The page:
On October 3, 2011, the Company executed a share exchange agreement with NowPhit Operations Inc. (“NowPhit”) and its shareholders pursuant to which the Company purchased 80.1% of NowPhit in exchange for 77,800,000 of the Company’s common shares valued at $240,000.

On October 21, 2011 the Company settled amounts of $106,262 owing to directors, officers and consultants with 2,500,000 common shares.

On January 30, 2012, NowPhit changed its name to SoFit Mobile Inc. (“SoFit”), short for Social Fitness, as it was determined to better reflect the business of the company.

On April 17, 2012, the Company closed an equity financing of $400,000 at a price of $0.02 per share for a total issuance of 20,000,000 shares.  The equity financing was completed on a non-brokered basis and no warrants or options were issued. The proceeds of the financing are being used to advance the Company's SoFit platform and for general corporate purposes.

On June 13, 2012, the Company closed its second equity financing of $225,000 at a price of $0.03 per share for a total issuance of 7,500,000 shares. The equity financing was completed on a non-brokered basis and no warrants or options were issued. The proceeds of the financing were being used to complete commercialization of the SoFit platform, to execute SoFit’s summer 2012 launch strategy, and for general corporate purposes to update IAG’s financial reporting and accounting.

On September 30, 2012, the Company settled $4,000 in accounts payable, owing to unrelated parties with 133,333 common shares of the Company.  These shares have not yet been issued.

On September 30, 2012, the Company entered into a settlement agreement with a former consultant for full and final settlement of fees and expenses. These shares have not yet been issued.

On October 11, 2012, Mr. John Ryan was appointed to the Board of Directors.
 
On October 31, 2012, two consultants of the Company exercised their options, purchasing 1,750,000 common shares and 1,442, 222 common shares at $0.02 and $0.03 respectively.  The options were granted in fiscal 2012.
 
 
F-7

 

SoFit products include integrated mobile applications and complementary wireless devices that enable athletes to track, train, and compete with each other in real-time via the SoFit platform. Athletes can earn virtual rewards, such as trophies and medals, as well as real-life rewards, such as location-based coupons and special offers. The SoFit platform also features a charity and event function that allows athletes to raise donations for a charity of their choice and remotely compete in athletic events from anywhere around the world in real-time.  Products were launched in July 2012.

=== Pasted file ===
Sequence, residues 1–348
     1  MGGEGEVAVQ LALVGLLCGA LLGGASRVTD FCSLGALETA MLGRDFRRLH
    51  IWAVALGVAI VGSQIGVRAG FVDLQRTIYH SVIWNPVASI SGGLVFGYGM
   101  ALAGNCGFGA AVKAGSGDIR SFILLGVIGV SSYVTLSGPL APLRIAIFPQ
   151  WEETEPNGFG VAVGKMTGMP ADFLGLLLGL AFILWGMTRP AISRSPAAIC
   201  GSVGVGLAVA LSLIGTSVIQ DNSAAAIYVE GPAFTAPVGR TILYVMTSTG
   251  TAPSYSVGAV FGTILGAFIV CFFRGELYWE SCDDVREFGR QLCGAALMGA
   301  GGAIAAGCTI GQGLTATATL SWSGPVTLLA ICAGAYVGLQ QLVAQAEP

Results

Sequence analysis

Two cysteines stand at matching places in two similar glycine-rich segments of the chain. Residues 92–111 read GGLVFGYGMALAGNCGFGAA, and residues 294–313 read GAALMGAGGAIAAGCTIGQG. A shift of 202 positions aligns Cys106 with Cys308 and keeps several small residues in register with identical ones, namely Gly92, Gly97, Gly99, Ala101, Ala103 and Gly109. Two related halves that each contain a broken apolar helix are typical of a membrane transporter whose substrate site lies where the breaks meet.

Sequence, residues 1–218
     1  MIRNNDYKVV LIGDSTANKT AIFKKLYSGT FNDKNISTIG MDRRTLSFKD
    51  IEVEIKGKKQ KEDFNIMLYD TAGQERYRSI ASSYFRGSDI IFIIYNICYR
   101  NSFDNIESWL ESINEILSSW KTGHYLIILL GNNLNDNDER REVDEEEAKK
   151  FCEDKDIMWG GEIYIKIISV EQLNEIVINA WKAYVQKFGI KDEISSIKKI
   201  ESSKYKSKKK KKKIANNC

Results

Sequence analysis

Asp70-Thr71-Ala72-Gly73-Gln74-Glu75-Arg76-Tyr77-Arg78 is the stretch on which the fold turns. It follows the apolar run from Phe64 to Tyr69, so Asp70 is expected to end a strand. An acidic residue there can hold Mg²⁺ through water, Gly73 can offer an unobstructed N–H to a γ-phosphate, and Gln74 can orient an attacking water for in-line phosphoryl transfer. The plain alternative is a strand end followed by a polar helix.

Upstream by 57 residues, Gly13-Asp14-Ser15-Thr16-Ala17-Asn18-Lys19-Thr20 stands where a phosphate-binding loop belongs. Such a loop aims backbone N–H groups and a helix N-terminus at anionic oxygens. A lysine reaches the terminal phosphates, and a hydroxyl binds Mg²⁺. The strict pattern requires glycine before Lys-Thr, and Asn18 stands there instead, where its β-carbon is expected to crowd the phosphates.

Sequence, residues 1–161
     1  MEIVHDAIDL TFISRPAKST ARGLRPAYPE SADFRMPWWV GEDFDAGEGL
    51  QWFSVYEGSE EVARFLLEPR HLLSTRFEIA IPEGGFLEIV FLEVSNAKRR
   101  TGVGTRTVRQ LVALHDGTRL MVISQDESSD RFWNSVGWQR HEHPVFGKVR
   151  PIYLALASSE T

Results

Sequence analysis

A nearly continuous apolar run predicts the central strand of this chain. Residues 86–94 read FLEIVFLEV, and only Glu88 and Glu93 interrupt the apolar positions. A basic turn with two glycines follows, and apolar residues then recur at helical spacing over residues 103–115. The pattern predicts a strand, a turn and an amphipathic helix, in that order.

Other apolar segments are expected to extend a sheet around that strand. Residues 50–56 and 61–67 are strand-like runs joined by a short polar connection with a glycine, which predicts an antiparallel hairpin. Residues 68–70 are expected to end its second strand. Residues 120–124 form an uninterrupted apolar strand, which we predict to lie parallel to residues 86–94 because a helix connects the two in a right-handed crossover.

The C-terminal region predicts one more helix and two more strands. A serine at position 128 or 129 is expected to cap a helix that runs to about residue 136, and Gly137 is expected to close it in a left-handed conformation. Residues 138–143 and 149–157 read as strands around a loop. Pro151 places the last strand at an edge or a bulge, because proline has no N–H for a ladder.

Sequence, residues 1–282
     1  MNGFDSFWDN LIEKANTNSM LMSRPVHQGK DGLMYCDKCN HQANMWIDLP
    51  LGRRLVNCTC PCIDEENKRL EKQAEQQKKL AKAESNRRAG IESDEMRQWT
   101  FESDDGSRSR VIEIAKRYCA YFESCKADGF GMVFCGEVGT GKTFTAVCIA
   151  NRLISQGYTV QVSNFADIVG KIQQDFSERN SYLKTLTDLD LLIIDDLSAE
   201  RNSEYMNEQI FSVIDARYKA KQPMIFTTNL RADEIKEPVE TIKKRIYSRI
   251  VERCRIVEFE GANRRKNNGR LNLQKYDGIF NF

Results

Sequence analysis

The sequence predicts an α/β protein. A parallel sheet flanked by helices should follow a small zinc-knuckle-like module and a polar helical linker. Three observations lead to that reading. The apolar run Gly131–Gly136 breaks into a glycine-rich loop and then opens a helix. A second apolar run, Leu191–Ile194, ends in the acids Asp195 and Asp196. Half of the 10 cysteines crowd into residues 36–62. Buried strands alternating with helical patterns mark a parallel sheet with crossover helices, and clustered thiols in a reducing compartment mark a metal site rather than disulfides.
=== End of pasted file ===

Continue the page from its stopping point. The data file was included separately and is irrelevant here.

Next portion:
Going Concern
 
The accompanying consolidated financial statements have been prepared on a going concern basis, in accordance with accounting principles generally accepted in the United States of America.
 
The going concern basis of presentation assumes that the Company will continue in operation for the foreseeable future and will be able to realize its assets and discharge its liabilities and contingencies in the normal course of operations.
 
There is substantial doubt about the Company's ability to continue as a going concern as it has operating losses from continuing operations of $7,192 (2010 - $183,995) and a working capital deficiency of $874,863 as at September 30, 2011.  The Company's ability to continue as a going concern is dependent upon the Company's ability to raise additional capital and successfully complete a business acquisition or business opportunity.  The outcome of these matters cannot be predicted at this time.
 
The consolidated financial statements have been prepared on a going concern basis and do not include any adjustments to the amounts and classifications of the assets and liabilities that would be necessary if the going concern basis was not appropriate.
 
2.
Summary of Significant Accounting Policies
 
The accounting policies of the Company are in accordance with accounting principles generally accepted in the United States of America. Outlined below are those policies considered particularly significant:

Use of estimates

The preparation of financial statements in conformity with generally accepted accounting principles requires management to make estimates and assumptions that affect the reported amounts of assets and liabilities and disclosure of contingent assets and liabilities at the date of the financial statements and the reported amounts of revenue and expenses during the period.  Actual results could differ from these estimates, and such differences could be material.

Consolidated financial statements

The consolidated financial statements include the accounts of the Company, its three wholly-owned subsidiaries 6584292 Canada, Inc., InterAmerican Operations, Inc. and IAG Peru S.A.C.  6584292 Canada, Inc.  is incorporated under the laws of the Province of Ontario, Canada and is inactive.  InterAmerican Gaming, Inc. and InterAmerican Operations, Inc. are incorporated under the laws of Nevada, and InterAmerican Gaming Peru S.A.C. is incorporated under the laws of Peru.  All inter-company transactions have been eliminated.

 
F-8

 

Foreign Currency Translation

Assets and liabilities, denominated in a currency other than US dollars, are translated at the exchange rate at the balance sheet date and revenue and expenses are translated at the exchange rate at the date those elements are recognized. Exchange gains and losses are included in income.

Cash and Cash Equivalents